The CEO of the National Transport Authority has said 2019 saw the largest increase ever in public transport users, with a 9% rise in passenger journeys.

Speaking on RTÉ's Drivetime, Anne Graham described the increase as "phenomenal". 

She said to see such an increase would be cause for celebration in other jurisdictions, but said there was "no doubt" that this was leading to congestion on services.

"We are actually a victim of our successes, in that people do want to use public services, but we have work to do in trying to increase the capacity of some of our fleets to be able to meet this increased demand," she said.

Ms Graham said more investment was needed in infrastructure to reduce journey times and to improve the public transport system.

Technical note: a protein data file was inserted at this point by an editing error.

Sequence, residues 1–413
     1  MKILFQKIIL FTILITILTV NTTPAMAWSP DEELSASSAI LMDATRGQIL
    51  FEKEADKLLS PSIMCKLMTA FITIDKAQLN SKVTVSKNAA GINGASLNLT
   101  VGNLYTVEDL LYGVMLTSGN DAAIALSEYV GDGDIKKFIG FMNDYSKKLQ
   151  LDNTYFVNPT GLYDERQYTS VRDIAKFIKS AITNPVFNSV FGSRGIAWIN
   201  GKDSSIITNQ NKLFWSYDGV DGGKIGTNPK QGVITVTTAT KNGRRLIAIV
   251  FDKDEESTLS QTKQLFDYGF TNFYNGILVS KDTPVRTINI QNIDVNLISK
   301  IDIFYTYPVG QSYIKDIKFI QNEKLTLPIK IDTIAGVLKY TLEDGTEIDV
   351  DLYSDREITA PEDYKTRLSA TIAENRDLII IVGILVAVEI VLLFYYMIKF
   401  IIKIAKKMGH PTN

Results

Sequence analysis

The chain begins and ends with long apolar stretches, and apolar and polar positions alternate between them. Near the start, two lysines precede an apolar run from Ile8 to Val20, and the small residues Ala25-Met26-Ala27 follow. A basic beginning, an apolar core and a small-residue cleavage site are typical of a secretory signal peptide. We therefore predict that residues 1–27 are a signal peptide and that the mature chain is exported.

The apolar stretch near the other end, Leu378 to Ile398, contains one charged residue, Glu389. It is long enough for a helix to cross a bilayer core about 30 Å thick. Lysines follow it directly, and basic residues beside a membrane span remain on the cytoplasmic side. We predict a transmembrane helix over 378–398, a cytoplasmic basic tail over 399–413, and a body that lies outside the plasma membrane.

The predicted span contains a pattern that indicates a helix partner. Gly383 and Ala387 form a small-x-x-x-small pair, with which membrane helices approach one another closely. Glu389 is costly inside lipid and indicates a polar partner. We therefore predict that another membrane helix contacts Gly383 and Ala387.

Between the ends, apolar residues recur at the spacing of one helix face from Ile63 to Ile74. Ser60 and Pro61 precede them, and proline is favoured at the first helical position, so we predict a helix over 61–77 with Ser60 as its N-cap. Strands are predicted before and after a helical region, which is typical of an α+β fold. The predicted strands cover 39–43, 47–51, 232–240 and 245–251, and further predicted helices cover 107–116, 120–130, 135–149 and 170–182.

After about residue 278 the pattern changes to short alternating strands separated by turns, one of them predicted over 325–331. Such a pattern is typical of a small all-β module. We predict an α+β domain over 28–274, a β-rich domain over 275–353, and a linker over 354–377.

She urged people who use peak commuter services, and who may have flexibility, to take earlier or later trains or trams in order to have a less congested journey.

She also said a reduction in off-peak fares did not encourage people to travel at off-peak times.

Ms Graham said this was already implemented and the experience showed that lower fares did not act as an adequate incentive for people to travel off-peak.

Ms Graham was speaking after one Irish Rail commuter described his journey this morning as "pandemonium".

Roy Scott told RTÉ's Liveline that the 7.45am train from the M3 Parkway to Dublin's Docklands was "so full that women were trying to push buggies into walls of people".

He said the train was packed to capacity within one stop, but it had nine more to make before its final destination.

Mr Scott has been using the same service for the last four months, but likened his journey to "hell on earth" since the return to work in January.

He described the increase in the apparent number of service users as "unacceptable".